Motherhood ambushed me. The day I took a pregnancy test and confirmed my suspicions about those suspicious, frequent waves of nausea, I had also hung the last picture on the wall of our splurge: a small one-bedroom apartment in downtown Portland – with a gorgeous view of Mt. Hood. When my husband and I married five years before that first pregnancy, the plan was ours alone: no kids, no pets, just adventure. Africa had imprinted a deep love on my husband’s heart when he taught secondary school in Tanzania just a year before we met, and while I’d wrestled over it when we first began dating, I had made my peace with the path of adventure I assumed awaited me when I joined my life with this man. While we love making lofty plans, we ultimately love following the Lord’s adventures, and so had found ourselves on a winding, albeit more traditional than anticipated, path that led to me standing in a brand-new apartment with a great view, but no room for a baby.
After that positive pregnancy test, I passed the afternoon aimlessly wandering the city, astonished a life was growing inside me, and muttering a muddled, accusatory prayer of “What were You thinking?” as I shuffled along leaf-strewn streets. This was not my plan. Still a far cry from peaceful, I set out that evening to pick my husband up from work. I greeted him with a brusque announcement: “Well, I’m pregnant.” In what I imagine will be lauded as one of his best moments in our marriage, my husband graciously responded to my curt announcement with a smile and asked, “Now what?”
Aside from family and a few local friends, I kept the news quiet until exactly 14 weeks, partially because I am a rule follower, and partially because I simply wasn’t ready for all the talk of baby gear, mom life, and pregnancy. My guilt was palpable. Women I cherish have struggled painfully with infertility issues, experiencing the monthly heartache that comes with yet another negative test. Other women I also cherish – including my own stellar mother – are excellent stay-at-home, work-at-home, and working mothers. Nonetheless, I simply couldn’t picture myself as a mother. Without having dreamt of this role, ever, how could I possibly fill it well?
Over the course of my pregnancy, the ultra sounds, onesies waiting on pink hangers, and elated family and friends shifted me from singularly terrified to terrified – but also excited.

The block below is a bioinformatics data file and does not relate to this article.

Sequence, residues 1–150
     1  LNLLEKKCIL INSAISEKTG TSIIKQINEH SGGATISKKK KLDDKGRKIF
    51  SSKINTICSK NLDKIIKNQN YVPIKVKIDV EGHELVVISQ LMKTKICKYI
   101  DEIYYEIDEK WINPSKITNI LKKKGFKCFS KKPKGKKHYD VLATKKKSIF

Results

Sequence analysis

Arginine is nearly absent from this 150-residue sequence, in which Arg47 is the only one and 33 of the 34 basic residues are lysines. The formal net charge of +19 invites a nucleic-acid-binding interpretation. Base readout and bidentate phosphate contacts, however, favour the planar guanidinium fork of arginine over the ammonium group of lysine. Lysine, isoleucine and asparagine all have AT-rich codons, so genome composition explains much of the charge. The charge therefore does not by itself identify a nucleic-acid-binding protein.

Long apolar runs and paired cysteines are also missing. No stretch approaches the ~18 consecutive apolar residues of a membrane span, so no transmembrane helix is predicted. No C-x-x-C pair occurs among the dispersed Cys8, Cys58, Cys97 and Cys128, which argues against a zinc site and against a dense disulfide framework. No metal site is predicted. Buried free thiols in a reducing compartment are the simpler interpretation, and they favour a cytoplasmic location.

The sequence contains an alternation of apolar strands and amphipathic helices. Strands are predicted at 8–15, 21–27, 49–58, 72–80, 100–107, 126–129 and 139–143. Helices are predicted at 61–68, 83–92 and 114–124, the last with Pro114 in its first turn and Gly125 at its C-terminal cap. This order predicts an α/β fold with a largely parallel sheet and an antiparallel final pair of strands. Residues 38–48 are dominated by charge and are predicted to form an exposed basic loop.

When my chubby pink bundle (affectionally dubbed “chunk”) arrived that July, she transformed me into a mother, ready or not. Even in those early, exhausted days, the sheer joy of this role washed over me, yet I found myself worrying my sweet daughter would somehow suspect my initial resistance. In response, I started to speak over her: you are safe, you are wanted, you are so loved. It became a chant whispered in habit, one that I proclaimed to her hair when she fought sleep, or spoke to her cheek when she screamed in my ear, unconsolable, as tiny people sometimes are. As she passed her second birthday, we dealt with night terrors, and I waddled downstairs, pregnant again, and hoisted her into my arms. For nearly every night those last months of that pregnancy, I rested her on my baby bump, and whispered to her again: you are safe, you are wanted, you are so loved. A silly little chant from mommy to baby, it become a calming routine, lulling me into familiar, soothing, rhythm when I didn’t think I could bear one more sleep-deprived night.
As with all phases, the poor sleeping eased to good sleeping. Her baby brother joined us. We settled into a new family pattern, entering a season where she simply seemed to need less soothing. Now two and a half, she was pretending to put me to bed recently before dinner, tucking me in on the living room floor in that painful but sweet way toddlers have, half suffocating me with her stinky blanket and clumsily mimicking the way I pat her tummy as I tuck her in.
I asked if she was trying to say wanted.
“Yes! Mommy, wanted.”
So she had heard those whispers after all, those moments I thought she was sleeping or beyond reason or otherwise unaware. The realization leveled me: those words mattered to her. My mothering matters to her. I am the right mom for my little girl; for my children. My words, spurred by fear and guilt, have left a beautiful impression upon my little girl. This is the grace, and gift, of motherhood: God lays out this hard and good work, and He gives the position of mother to the specific, right person for the role. And what I may otherwise have remembered with a twinge of guilt, He will instead reframe through my daughter’s loving, chubby arms and imaginative play, leaving the sweet gift of knowing that I am exactly where I should be: mothering the children He has always had planned for me, and giving me the words they need.
Kelsi Roberts lives in Seattle, Washington, where she and her husband are raising their two kids (36 and 6 months). Kelsi works full time from a home office, and recently launched a copywriting and marketing services company. She strives to make space for the important things and model what it looks like to love Jesus, raise babies, and work full time for her observant little people. She has learned this requires a lot of grace and a lot of Pinterest fails. You can find her navigating this on Instagram.